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Economy

Sri Lanka bombings hurt island's tourist destination ambitions

Death toll rises to 290 after Easter Sunday attacks on churches and hotels

Crime-scene officials inspect the explosion area at the Shangri-La Hotel in Colombo after deadly blasts April 21.   © Reuters

NEW DELHI/MUMBAI -- About 290 people have been killed by Sunday's church and hotel bombings in Sri Lanka, acts the government sees as terrorism. Thirteen people were arrested in connection with the Easter Sunday bombings, according to local media reports.

"I strongly condemn the cowardly attacks on our people today," Prime Minister Ranil Wickremesinghe tweeted.

Explosions tore through the Shangri-La Hotel Colombo and two other five-star hotels, as well as three churches celebrating Easter in Colombo, the east coast city of Batticaloa, and the west coast city of Negombo. Two more explosions occurred later, including at the Tropical Inn near the national zoo. There was still no claim of responsibility for the attacks.

Government officials said 36 of the dead were thought to be foreigners, as of April 21. Among them were nationals of Denmark, India, Turkey, Portugal, the U.K. and the U.S., according to officials in those countries, while media reports said Chinese were also among the victims.

The Japanese government confirmed on Monday that one Japanese national has been confirmed dead and four more were wounded in the attack.

Around 500 people were injured in the blasts, the first of which went off at around 8:30 a.m.

The government declared a curfew and restricted access to social media following the bombings, which marked a rare outbreak of violence against the nation's Christian minority.

Sunday's blasts were all the more shocking because the South Asian island nation had been spared such large-scale violence since the end of a decades-long civil war in 2009. It has also been free from terrorism by Islamist extremists. While gangs made up of majority Buddhists have attacked Christians before, such incidents were not terrorist in nature, according to a local journalist.

No organization had claimed responsibility for the bombings as of Sunday evening, but some Sri Lankan news outlets reported on the possibility of involvement by Islamist terror groups.

The hotels targeted were located at the heart of Colombo -- the nation's largest city -- near government offices and the central bank. Besides the Shangri-La and the Tropical Inn, the Kingsbury and the Cinnamon Grand were bombed.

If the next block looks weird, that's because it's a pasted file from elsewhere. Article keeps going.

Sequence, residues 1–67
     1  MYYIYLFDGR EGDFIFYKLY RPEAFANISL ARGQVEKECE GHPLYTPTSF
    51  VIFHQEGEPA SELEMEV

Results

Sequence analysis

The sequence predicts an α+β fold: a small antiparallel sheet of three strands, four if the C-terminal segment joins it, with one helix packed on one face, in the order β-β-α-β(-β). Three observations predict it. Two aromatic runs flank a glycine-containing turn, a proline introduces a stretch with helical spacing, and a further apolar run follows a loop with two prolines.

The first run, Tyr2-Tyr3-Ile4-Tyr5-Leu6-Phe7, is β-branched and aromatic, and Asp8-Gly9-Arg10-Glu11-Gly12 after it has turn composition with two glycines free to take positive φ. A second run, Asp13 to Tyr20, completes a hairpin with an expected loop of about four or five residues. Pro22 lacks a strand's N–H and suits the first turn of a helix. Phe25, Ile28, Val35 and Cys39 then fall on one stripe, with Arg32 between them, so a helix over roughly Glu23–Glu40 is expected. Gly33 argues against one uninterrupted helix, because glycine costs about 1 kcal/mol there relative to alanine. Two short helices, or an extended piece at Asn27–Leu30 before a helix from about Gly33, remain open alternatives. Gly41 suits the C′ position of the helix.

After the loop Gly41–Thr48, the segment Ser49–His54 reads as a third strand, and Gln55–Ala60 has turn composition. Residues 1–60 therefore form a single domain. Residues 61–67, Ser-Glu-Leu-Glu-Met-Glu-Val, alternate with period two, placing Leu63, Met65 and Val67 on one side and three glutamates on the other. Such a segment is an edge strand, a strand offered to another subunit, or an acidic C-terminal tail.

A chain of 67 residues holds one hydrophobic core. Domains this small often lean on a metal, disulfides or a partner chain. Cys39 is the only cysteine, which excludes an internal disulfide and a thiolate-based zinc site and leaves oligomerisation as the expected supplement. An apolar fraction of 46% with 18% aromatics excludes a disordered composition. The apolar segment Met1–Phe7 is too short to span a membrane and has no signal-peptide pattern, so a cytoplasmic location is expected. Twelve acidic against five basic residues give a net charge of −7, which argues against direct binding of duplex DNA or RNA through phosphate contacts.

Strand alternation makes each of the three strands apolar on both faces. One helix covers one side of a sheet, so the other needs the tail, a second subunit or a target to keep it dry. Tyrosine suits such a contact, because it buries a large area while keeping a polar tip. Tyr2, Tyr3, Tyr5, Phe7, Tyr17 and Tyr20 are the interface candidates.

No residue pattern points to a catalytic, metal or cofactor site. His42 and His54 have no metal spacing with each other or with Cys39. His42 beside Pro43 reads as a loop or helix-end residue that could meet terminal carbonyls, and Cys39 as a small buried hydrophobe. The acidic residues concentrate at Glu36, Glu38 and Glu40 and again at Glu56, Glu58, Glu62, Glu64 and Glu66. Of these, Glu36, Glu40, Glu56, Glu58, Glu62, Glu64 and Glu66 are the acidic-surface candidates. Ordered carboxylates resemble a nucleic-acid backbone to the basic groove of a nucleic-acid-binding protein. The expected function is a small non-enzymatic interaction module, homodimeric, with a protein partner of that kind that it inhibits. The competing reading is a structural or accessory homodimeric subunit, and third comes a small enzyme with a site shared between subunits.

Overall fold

Sunday's attacks threaten to deal a blow to Sri Lanka's international tourism industry, which accounted for 27% of exports and 6% of gross domestic product in 2017, World Bank statistics show. Foreign tourists spent about $5 billion that year in the nation of 21 million.

Sri Lankan officials inspect St. Sebastian's Church in Negombo, north of Colombo, after multiple Easter Sunday explosions struck the country on April 21.   © Getty Images

Sri Lanka has $52 billion in external debt. Struggling with repayment, it tapped into its foreign exchange reserves in January to repay a portion that had come due. A dent in tourism would only squeeze the country's finances further.

"We'll find that tourism will get affected in our country for some time," Wickremesinghe told reporters, describing tourism as "one of the rising sectors" of the economy.

"Similarly, there will be initially some outflow of funds" from the country, the prime minister added.

While much about the bombings remains unknown, one local media report said six of the eight explosions were caused by suicide bombers, citing surveillance footage.

In his tweet, Wickremesinghe called on the public "to remain united and strong" as well as "avoid propagating unverified reports and speculation."

Sri Lanka suffered a decades-long conflict between the Liberation Tigers of Tamil Eelam, an extremist group founded in the 1970s, and the country's Sinhalese Buddhist majority.

The Tamil Tigers were defeated in 2009, with then-President Mahinda Rajapaksa declaring an end to the civil war.

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